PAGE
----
Somehow, in what seems to have been a blink of an eye, we have a six month old baby. In some ways I can’t remember a time we didn’t have an Oliver, and in other ways it’s all a blur broken up by a few holidays (a Thanksgiving thanks to grocery store takeout, and our very first Christmas in Seattle), a few family visits, a one-day road trip to Portland, a birthday dinner out, a birthday cake, weekend drives to nowhere in particular, swimming at the pool with Oliver, weekly get-togethers with our parent’s group, doctor’s visits, hundreds of walks around the neighborhood, hundreds of cups of coffee, dozens (or more?) of scoops of ice cream. Most of the worrying about keeping a baby alive has made way for other concerns, and Oliver’s need for constant stimulation or soothing walks and car rides has been traded for stretches of time playing with a new toy or checking out his surroundings. In truth, it’s thanks to that tiny bit of baby independence that this humble, summery cake came to be in the first place. So we’ve all got an Oliver to thank for that. Or, really, we have a Yossi Arefi to thank, as it’s from her beautiful new cookbook that I’ve bookmarked heavily and am eager to continue exploring.
I taught a cooking class last weekend and Sam and Oliver came to visit right at the very end. Oliver wore his favorite red moccasins and quickly made some new friends; Sam helped us eat leftover asparagus tart; and I boxed up some brownie ends and corners to eat later in the evening. I’m here to advise: brownie ends and corners taste their very best at about 11 p.m. As we were leaving, one of my students stopped me and asked how we possibly balance it all. This question always strikes me as tough (and I no longer ask it of people for that reason): Of course we feel like everything is immensely unbalanced and are constantly searching for time to exercise, eat better, cook something for dinner, procure something to make for lunch the next day, read the baby book on sleep habits that’s been sitting on the dresser for 2.5 months, read a non-baby book, water the lawn, figure out what’s killing the lawn, listen to Beyonce’s Lemonade — the list goes on. As it does for you. The stuff of daily life. The reason I bring it up is because the answer to her question is really that we tag team it so well. We have a pretty rigid weekly schedule where we trade off caring for Oliver, and Sam’s sister Christa helps us a few days each week. This way, we can aim to get most of our work done, and then we plan to fit the other things in later in the evening or on the weekends. And Oliver gets to chill in his own house with his own people.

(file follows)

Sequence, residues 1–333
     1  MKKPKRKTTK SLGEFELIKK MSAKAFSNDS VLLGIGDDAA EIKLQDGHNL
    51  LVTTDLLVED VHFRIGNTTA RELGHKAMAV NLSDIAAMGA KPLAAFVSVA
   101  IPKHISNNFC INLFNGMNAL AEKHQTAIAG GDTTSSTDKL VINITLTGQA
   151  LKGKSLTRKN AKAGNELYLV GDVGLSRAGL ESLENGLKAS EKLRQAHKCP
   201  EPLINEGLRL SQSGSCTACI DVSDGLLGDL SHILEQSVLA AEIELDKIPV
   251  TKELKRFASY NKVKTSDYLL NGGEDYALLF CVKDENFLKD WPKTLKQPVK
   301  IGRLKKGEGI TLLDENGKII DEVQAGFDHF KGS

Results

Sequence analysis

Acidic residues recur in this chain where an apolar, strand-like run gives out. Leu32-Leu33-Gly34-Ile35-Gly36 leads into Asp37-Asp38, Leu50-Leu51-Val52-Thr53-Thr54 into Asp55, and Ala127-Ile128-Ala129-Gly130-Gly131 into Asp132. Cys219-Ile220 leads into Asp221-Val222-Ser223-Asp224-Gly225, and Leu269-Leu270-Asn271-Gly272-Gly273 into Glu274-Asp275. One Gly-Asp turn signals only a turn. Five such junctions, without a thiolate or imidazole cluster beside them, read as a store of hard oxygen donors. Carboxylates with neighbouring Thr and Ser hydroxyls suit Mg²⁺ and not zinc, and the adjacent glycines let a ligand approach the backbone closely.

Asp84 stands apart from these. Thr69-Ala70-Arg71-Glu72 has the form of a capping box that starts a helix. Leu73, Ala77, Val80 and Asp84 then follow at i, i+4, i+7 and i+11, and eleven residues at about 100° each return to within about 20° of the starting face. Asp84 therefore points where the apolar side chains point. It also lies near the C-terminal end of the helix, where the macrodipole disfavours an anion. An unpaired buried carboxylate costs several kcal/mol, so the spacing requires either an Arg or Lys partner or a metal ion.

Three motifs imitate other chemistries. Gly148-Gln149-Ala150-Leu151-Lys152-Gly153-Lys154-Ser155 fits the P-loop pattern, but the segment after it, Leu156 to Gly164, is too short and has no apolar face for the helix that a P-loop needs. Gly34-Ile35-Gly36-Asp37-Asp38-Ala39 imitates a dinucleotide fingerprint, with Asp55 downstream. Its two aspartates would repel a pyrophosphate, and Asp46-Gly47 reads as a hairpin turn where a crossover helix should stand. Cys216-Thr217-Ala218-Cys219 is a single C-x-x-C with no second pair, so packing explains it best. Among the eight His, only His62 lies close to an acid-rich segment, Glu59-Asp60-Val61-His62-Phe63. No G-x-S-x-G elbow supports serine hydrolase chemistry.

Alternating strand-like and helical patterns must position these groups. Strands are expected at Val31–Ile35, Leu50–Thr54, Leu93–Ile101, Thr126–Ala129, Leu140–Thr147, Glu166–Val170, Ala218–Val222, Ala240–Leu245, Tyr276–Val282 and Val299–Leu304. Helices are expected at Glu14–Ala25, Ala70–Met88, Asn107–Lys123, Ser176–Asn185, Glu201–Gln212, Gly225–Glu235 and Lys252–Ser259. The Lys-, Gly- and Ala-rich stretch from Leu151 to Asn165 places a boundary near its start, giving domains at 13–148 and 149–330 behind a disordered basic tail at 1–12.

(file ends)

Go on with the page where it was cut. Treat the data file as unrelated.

The interesting thing about this tag-teaming is that we all have very different days with Oliver. It’s easy, when you’re talking about your baby, to think anyone’s experience would be similar: he sleeps about this time, he eats this much, he loves this toy, he loves walks in the carrier, white noise when he naps … and so on. But really a new person brings an entirely different layer to the unfurling of his days. When I’m with Oliver, we usually go for a long walk. We often make it to the grocery store, read books, eat avocado, practice crawling, sit in the backyard. When Sam’s with Oliver, they go pop in on Liz and her chickens, swing upside down, visit museums and the library, and walk to Essex in the early evening to have a quick drink before bringing home a takeout burger. Despite the fact she only lives four blocks away, I’d never known of Liz and her chickens until we all walked over that way recently. And I’d never thought to swing Oliver upside down. In his early fussy baby days, I didn’t have the guts to bring him to a museum. Christa’s days are different, too: she was the first to introduce him to the swings at the playground, and they go and visit her dog during the day and her son Kevin’s cat. She sings Row, Row, Row Your Boat and is trying to teach him to wave goodbye. We all have our things. And for that, I know that Oliver is so lucky.
Sam was out of town this past weekend and when I told him we were planning to go to the pool with our parents group, he said: “make sure you dunk him!” He likes getting Oliver used to the water by dunking him all the way under a few times, and I guess deep down I know that’s a good thing. But I can’t bring myself to do it. That’s not our thing. For that, he’ll just have to wait until his Papa gets home. I’m sure Liz and the chickens will be excited to see them stroll on by, too.
Cherry and Poppy Seed Yogurt Cake
The method of folding half of the cherries into the batter and scattering the other half on top ensures that you’ll always get a bite of sweet, jammy fruit in each slice.To mix things up on the fruit end, Yossi mentions substituting any berry or stone fruit that may be in season instead of using cherries. I love the kamut flour here because it’s warm and nutty, but if you have trouble finding it, feel free to use all-purpose flour instead — or experiment with whole wheat or spelt flour.
Adapted from Sweeter off the Vine
1/4 cup (35g) kamut flour
2 tablespoons old fashioned oats
2 tablespoons natural cane sugar
2 teaspoons poppy seeds
2 tablespoons unsalted butter, softened
1 cup (120g) all purpose flour
1/2 cup (70g) kamut flour
1 1/2 teaspoons baking powder
2 tablespoons poppy seeds
1/2 teaspoon kosher salt
3/4 cup (150g) natural cane sugar